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The Matriarch and the Administrator

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At the link here: [link]
A series of character designs set in 'Delta', a world I was working on last year. The seeds of a project, maybe.
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© 2012 - 2021 povorot
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danielsnow2's avatar

I love the matriarch's(I presume), lipstick, like she took the time to make herself pretty/more similar to a human before coming to this important meeting.

translating looks like it would be a bitch....

isnt she a pentapod? cause i'm counting 6 limbs

dirt stains on the bottom of her clothes is a nice detail
sharknob's avatar
Cool creature! 
povorot's avatar
SCP-811Hatena's avatar
A centauroid-type alien species, right?
Helixdude's avatar
"*various disgusting alien curse words*"
"Y' callin' me a WHAT!?"
Ponentguy's avatar
I love this idea about humans living toggeder with other raddicaly different intelligent species, not in perfect armony, not in war; just living a normal life, with it's pleasant and unpleasant moments and it's conflicts.
Darwin-King's avatar
I wouldn't be comfortable looking that person in the eye....
Elgorfo1's avatar
artisticlibido's avatar
LOL. I'm not sure I'd want to have an argument with something with a face like that.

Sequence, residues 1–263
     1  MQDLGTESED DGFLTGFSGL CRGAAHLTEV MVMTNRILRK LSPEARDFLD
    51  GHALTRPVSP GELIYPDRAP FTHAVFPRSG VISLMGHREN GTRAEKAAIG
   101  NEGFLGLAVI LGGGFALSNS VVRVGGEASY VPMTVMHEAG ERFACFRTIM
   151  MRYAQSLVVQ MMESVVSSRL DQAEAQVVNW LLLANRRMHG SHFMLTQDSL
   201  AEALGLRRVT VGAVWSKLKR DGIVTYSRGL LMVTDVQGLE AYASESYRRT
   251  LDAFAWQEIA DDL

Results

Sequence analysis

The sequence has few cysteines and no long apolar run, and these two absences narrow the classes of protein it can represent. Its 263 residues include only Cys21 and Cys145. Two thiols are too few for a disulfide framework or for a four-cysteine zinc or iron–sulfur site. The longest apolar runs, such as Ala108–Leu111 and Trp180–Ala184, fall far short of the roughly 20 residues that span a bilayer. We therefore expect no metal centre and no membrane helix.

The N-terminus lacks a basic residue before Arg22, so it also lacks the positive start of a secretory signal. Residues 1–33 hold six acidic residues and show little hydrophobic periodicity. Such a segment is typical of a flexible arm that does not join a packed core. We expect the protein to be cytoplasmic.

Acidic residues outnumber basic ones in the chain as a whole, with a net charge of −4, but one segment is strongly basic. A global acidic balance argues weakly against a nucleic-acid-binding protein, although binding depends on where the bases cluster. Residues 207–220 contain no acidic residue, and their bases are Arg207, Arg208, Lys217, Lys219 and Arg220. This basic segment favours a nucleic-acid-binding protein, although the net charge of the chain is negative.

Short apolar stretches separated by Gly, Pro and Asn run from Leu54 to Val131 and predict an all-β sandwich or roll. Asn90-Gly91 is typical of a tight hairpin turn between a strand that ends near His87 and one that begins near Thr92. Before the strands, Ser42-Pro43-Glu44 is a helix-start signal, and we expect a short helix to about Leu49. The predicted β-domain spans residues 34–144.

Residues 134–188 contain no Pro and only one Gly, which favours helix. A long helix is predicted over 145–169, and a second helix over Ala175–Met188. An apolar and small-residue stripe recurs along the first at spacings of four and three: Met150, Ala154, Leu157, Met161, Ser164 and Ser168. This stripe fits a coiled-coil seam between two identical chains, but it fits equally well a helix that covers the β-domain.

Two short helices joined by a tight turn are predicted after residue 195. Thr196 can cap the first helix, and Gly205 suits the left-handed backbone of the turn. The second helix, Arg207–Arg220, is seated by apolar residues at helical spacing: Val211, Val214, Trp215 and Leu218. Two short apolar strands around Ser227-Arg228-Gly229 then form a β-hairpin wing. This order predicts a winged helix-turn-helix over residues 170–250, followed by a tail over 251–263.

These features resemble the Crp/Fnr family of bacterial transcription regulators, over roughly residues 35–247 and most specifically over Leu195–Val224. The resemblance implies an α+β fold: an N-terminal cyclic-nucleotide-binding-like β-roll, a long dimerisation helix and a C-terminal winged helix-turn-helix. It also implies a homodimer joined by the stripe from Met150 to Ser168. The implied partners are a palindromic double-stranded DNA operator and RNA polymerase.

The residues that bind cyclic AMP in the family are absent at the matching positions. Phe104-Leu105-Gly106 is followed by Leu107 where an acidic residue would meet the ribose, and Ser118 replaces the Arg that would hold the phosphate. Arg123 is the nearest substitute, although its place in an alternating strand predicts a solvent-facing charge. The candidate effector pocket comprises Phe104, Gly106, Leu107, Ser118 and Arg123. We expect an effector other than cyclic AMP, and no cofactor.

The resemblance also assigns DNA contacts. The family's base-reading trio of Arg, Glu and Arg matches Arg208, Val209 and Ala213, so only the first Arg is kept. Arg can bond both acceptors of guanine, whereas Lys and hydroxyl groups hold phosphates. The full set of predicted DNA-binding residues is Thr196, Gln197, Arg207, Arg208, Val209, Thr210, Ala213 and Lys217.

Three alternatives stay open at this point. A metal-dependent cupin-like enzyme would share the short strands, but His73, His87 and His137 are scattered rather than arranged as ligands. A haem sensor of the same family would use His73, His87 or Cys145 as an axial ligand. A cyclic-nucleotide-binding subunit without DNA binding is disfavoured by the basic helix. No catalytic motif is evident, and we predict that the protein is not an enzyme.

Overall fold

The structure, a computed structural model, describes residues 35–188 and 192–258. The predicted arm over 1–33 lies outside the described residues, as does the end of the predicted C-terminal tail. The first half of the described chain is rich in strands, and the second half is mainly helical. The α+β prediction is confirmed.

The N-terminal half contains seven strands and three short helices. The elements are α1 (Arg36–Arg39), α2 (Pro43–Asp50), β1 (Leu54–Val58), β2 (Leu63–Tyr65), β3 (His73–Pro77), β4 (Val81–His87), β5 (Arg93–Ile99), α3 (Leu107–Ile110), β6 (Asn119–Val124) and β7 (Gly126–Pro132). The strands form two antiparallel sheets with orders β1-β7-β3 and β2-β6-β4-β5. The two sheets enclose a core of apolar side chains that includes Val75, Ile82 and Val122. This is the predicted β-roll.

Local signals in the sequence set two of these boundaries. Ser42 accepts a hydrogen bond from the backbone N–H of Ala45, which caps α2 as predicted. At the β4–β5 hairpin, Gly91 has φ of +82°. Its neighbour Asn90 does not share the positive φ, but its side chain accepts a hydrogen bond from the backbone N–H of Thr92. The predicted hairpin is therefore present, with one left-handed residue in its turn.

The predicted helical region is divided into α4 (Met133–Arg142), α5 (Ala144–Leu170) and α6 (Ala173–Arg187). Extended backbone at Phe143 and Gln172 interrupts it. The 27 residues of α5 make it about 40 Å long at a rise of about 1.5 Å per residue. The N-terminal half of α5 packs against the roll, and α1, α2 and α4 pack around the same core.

M0AI's avatar
Brilliant design work, both here and in that link!
povorot's avatar
Thanks, man - coming from you that's a big compliment!
sergiocornaga's avatar
The alien's outfit reminds me of Lisa Simpson... Weird association, I know.
povorot's avatar
No, no - I see it now...
RobCaswell's avatar
Great creation. To me it has the feel of a good 70's/80's far future SF tale - the kind of setting I most enjoy.
povorot's avatar
Thanks - me too.
katapraktoi's avatar
I am fascinated by the interaction between alien and human characters, makes the alien elements of the story feel so mundane and believable, like in the Delta's market illustration on your website.
Love the amount of work put in making the alien clothing and tools, it is so easy to anthropomorphize and forget that aliens should work within their own cultural boundaries and morphological needs so I love your commitment to developing your aliens to their full potential.
povorot's avatar
I agree - spending time trying to make non-human clothing and gear look like they belong on the creature wearing it is one of my favourite parts of creature design.

And culture clash - whether between humans and humans, humans and aliens, or aliens and machine-minds - is still one of the most universal story-types that can be told. And still super-effective.
bensen-daniel's avatar
Awesome awesome awesome! I love the idea of cultural conflict extended across species boundaries. What keeps these competing, non-interbreeding populations from killing each other?
povorot's avatar
Well, they're both isolated from their parent culture in a large, resource-poor region - and the crashlanders, as refugees, arrived with nothing, so they need resources from the well-equipped humans to survive.